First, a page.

you remember, and simply click on it. If you are not familiar with the Super Nintendo, then I would suggest clicking on the "F" tab and then to
scroll down and look for "Final Fantasy III". When you find the link, click on it. It will take you to a new page, where you will have to wait
for about 15 seconds for the site to get the ROM ready for download. When the 15 seconds have passed, there should appear a button that says
"Download Your File". Click on the button and save the file to wherever you'd like it to go. Again, this file also comes as a ZIP file, just as
the Emulator did.
When the file is downloaded and complete, find it on your computer wherever you saved it to. Unzip the Final Fantasy III.zip file and place
the "Final Fantasy III.smc" file into your ZSNES folder. When this is done, you can turn on the ZSNES program. Go to the "Game" tab and click
on "Load". It'll open a new window within the emulator, where you can search for the Final Fantasy III.smc; However, the ZSNES should be able
to detect any ROM's you've downloaded and placed into the ZSNES folder. Find the ROM you would like to play, click on it and highlight it. On
the lower right side should be a "Load" button. Click it and enjoy the game.
Thursday, October 4, 2007
Next Generation Disks-Already
So most of you know that we have a format war between Blu-Ray and HD-DVD for this generation but check out what’s on the horizon. Disks that hold 1 Terabyte of stuff. That a lot of stuff.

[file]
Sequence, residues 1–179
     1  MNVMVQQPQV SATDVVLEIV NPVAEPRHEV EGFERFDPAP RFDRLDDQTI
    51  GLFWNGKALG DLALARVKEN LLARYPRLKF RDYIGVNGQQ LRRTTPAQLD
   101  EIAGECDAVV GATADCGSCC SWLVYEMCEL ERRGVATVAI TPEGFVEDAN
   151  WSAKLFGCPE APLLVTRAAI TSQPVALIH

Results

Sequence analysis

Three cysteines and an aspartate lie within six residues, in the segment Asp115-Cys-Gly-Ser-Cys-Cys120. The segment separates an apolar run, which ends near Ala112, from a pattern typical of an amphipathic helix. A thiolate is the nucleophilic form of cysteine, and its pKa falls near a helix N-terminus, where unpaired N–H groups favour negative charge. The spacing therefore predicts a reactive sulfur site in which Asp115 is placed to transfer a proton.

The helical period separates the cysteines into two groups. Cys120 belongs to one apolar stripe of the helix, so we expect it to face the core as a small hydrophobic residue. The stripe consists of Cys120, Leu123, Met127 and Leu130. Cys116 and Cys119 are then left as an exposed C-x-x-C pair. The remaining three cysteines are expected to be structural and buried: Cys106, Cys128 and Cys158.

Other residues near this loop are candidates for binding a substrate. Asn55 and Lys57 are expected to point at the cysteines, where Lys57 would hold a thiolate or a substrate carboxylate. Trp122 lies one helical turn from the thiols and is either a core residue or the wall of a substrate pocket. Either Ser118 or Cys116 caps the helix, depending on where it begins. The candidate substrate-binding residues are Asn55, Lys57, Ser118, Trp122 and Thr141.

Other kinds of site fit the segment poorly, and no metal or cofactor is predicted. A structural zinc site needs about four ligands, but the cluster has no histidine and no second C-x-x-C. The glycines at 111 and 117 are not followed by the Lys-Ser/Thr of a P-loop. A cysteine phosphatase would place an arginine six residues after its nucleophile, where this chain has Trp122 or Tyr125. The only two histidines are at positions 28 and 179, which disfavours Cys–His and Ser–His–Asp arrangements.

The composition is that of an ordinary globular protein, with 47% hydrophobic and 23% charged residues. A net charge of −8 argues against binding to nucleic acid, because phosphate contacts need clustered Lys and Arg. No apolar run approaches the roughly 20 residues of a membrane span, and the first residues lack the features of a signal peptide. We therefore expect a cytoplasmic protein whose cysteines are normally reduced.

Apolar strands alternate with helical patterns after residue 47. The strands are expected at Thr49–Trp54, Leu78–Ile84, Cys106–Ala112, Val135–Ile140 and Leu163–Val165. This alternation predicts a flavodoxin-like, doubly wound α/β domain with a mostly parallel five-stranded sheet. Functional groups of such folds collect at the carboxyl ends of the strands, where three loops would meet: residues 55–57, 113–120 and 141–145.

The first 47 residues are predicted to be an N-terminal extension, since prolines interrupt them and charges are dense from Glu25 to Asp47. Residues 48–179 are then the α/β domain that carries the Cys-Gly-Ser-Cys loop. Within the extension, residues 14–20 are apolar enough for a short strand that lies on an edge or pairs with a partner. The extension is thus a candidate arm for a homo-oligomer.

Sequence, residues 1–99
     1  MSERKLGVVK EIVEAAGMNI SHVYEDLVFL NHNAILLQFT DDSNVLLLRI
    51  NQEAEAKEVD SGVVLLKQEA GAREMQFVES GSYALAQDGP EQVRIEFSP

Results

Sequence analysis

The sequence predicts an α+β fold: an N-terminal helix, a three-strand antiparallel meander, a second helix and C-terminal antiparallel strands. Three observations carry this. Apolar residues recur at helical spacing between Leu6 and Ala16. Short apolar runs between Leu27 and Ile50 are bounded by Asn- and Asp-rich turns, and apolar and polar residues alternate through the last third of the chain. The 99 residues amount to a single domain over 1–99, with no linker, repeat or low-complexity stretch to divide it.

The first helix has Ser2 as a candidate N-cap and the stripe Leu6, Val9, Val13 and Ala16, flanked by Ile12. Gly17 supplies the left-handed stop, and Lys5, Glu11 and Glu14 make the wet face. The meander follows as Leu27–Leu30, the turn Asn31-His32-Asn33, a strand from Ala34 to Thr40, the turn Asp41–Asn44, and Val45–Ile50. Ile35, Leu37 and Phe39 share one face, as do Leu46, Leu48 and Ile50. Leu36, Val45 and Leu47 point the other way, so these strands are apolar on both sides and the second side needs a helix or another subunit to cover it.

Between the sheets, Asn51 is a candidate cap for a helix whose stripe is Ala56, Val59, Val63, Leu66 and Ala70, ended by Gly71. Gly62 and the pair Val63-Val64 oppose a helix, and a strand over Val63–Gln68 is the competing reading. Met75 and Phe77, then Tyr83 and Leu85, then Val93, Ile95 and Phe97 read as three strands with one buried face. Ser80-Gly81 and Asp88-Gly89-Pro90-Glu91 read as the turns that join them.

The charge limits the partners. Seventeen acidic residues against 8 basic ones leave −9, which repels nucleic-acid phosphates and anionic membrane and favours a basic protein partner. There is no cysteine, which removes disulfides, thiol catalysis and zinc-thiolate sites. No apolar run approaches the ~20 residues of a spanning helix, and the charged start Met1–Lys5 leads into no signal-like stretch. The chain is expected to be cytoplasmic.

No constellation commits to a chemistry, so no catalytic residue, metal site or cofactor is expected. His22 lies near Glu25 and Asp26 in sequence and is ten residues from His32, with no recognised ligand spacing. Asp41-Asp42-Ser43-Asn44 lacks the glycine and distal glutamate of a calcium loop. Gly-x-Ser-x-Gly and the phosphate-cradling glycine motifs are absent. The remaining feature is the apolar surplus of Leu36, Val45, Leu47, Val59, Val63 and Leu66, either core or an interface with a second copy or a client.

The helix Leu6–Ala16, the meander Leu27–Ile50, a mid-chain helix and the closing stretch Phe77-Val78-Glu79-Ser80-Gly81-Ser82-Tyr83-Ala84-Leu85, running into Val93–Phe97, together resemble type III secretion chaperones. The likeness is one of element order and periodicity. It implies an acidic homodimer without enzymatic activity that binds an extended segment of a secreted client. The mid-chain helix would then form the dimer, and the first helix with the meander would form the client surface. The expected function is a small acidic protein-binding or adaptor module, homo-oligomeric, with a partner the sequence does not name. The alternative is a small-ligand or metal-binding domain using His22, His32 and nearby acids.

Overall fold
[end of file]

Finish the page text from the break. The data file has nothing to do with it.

And after yesterday’s email Jim Rhodes sent me a note:
Hey RA! Cool font site! I thought I'd share one that I LOVE,
www.acidfonts.com they have a HUGE collection of Free Fonts!
As part of a grade in a class toward a library certification, I had students compose Web2.0 assignments. This assignment was done by Carmen Santos
Do you need that special photo for a certificate, or something to add to your inspirational power point, or a graphic description of your lesson plans?
A GOOD FONT SITE
Are you tired of the same fonts that Windows provides? Try out this site:http://www.dafont.com/
Gothic seems to be what students like as they use it all over their binders. Go to new, choose the font that you prefer, click on download button to the right of the screen.Play!!
Wednesday, October 3, 2007